Solar panels are now required on all new homes in California. So that's about 80,000 new homes each year that are getting solar. In October of 2020 California ranked as the highest solar power
generating state in the nation producing enough solar capacity to power about 8.4 million
homes in the state. And in 2020, the SEIA estimated that California will
increase its solar capacity by over 19,000 megawatts
over the next five years second behind Texas at 20,000 megawatts. And I happened to get my solar panels on my house just over four
years ago in March of 2017. And in that time I've learned a lot. My solar panels set up at
my house contains 16 panels, and generates just over five
kilowatts of peak power.
These 16 panels feed into a
string inverter in my garage that converts the DC energy into AC energy that my house can then use. I also have two Tesla Powerwalls, and a Smart Panel from Span giving me a really
complete home energy system that's pretty advanced. But if you wanna learn more
about those other systems check the description down
for links to those videos. And where I live in California we have net energy metering, which means that I can
actually sell energy back to the grid, and build up credits
with my local utility. Coincidentally, this is what
makes having a home battery not a financially beneficial
option for most people. If you're in the United States you likely already live in a
state with net energy metering, but if you're not sure I'll put a link to an
article from EnergySage, that has more detail on it
down in the description below.
So basically that's my setup. The sun comes up, it generates energy, any excess that I'm not
using at that exact moment goes back to the grid. And then later I can buy back
that energy at a later time. The question now is after
four years how's it going? How much energy have they generated? And is there anything
I would do differently? Let's start with the
most important question you probably are wondering about, is it worth it financially? So since installed back in March of 2017, my solar panels have generated
35,480 kilowatt hours which costs an average
of 27 cents where I live. Except now in 2021, it's 31 cents thanks to a rate hike
from our local utility. And when you multiply those two you get $9,683.60. This is how much the energy is worth that my panels have generated over the four years that I've had them. And looking at the net cost of the system right around $14,000 minus the powerwalls we find that I'm about 70% paid off from the initial investment
in just four years.
And this is good news
because the original quote I got from the installer
had us right around $9,200 worth of energy at this point, not 9,600. So we're a little bit ahead of schedule when it comes to these
panels paying themselves off. And then if we forecast out from here looking at our yearly average consumption of 8,500 kilowatt hours, and the new energy cost of
31 cents per kilowatt hour, we see that they should
have paid for themselves in about year six, we're half a year ahead of schedule from our initial estimate.
Again, that's partly aided
by the energy price hike from my local utility, but this is just how things go. Every year the prices go up just a little. Now, if we extrapolate
that for the next 25 years we're looking at about an $85,000 profit assuming that the annual reduction in photovoltaic production is around .4%, and the annual utility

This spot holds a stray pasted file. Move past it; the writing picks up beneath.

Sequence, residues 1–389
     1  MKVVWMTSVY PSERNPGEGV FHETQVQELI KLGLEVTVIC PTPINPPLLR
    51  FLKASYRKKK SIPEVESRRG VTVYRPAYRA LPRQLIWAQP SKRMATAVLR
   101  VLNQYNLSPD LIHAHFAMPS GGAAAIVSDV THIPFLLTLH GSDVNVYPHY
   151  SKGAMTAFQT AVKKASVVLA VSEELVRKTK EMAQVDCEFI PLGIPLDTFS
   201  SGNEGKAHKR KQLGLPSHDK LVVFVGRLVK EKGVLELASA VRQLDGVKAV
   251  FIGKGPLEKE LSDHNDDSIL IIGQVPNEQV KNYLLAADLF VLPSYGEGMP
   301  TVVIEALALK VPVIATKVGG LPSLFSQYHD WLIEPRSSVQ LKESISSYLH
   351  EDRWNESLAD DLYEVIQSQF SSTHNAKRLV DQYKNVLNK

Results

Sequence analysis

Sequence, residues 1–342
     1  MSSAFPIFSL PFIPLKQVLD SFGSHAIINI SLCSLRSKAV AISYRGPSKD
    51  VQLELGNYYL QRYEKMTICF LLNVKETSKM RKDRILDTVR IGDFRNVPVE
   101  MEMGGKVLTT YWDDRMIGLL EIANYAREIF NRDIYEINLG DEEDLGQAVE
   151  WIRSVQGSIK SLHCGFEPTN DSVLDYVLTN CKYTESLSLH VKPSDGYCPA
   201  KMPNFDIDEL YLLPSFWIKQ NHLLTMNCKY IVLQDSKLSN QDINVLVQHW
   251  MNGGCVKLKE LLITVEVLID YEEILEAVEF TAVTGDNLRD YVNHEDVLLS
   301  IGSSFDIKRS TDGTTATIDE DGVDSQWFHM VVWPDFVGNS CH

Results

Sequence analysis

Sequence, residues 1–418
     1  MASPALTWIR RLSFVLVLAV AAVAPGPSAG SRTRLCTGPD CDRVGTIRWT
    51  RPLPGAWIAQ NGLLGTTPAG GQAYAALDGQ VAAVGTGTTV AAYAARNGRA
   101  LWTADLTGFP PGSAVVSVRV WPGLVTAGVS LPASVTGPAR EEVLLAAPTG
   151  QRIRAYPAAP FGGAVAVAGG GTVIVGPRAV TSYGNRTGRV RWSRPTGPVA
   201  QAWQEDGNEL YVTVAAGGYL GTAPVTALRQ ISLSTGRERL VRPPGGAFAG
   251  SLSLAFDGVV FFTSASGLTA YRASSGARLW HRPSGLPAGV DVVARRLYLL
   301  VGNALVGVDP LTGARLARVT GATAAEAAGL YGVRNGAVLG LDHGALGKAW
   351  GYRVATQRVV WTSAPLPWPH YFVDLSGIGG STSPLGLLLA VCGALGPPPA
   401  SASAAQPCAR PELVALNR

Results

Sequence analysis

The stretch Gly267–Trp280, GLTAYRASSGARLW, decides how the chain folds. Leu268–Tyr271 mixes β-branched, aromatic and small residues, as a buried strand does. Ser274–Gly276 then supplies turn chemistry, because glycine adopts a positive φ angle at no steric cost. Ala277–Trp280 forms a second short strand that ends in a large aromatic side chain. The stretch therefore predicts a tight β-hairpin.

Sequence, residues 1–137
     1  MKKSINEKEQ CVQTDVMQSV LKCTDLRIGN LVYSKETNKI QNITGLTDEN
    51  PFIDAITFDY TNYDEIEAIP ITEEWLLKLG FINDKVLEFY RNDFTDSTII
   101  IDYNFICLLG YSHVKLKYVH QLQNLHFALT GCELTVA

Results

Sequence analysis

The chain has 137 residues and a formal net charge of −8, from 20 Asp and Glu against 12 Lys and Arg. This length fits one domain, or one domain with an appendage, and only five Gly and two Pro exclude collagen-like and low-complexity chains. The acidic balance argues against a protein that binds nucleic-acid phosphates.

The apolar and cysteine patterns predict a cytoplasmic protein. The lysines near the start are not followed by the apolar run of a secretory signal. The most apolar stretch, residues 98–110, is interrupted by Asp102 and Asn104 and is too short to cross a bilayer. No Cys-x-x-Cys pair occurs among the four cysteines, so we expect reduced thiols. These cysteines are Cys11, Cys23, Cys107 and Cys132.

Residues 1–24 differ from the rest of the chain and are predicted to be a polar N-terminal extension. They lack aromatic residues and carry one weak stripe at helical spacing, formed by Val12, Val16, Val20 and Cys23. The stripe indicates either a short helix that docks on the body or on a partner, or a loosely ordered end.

rating increase is around 5%. So are they worth it? Totally, but it doesn't mean that I didn't make any
mistakes along the way, and have anything that I
would have done differently. When I first started this journey I used EnergySage to find my installer. The way it works is by
submitting your information, your electricity bill, and putting a pin on your roof so they can see exactly the
orientation of your house, and if there's any shade
or anything nearby.
Then getting quotes
from various installers without them ever getting
your personal information, which means no one's gonna be calling you, or stopping by unannounced
trying to sell you something. You just get a nicely laid out dashboard inside of their portal on energysage.com to compare all of these quotes. And with summer right around the corner now is a great time to head over to bensullins.com/EnergySage, sign up and get quotes for your house to see how much you could be saving. Again, there's no obligations there, if you head over it's all free.
You sign up, you get the
information and all that. The actual installers are the
ones that pay a commission to EnergySage so that that's
how that whole thing works. Totally free to you. And even if you already have
quotes from other people I would highly recommend it just to get more kind of second and
third opinions out there just to see what kind of deals, and what kind of quotes you can get. So thanks to EnergySage
for sponsoring the channel. Again, they're one of my favorite partners that I've been recommending for years on and off the internet.
And so I really do believe
in what they have to offer. As well as it's one of the best websites just to learn about this stuff. So give them a look,
link in the description, or just bensullins.com/EnergySage. Okay, so the biggest
thing that I've learned over this time that I would do differently is that there is a fixed cost to even getting one solar
panel on your house. The way it works when you
get this process going, is that you have an installer
design a system for you. Which basically means where
are the panel's gonna go? And how are they going
to connect to the grid? The installer there has to
submit those plans to the city, or your local utility, or whomever kind of has
jurisdiction in that area, and get it approved.
And you likely have to then get a permit which you have to pay for. This is all to be done before you can actually move
ahead with the install. So if you want one panel on your house you'd have to do all these steps. Or if you want a hundred
panels on your house you would also have to
do all of these steps. So the lesson here is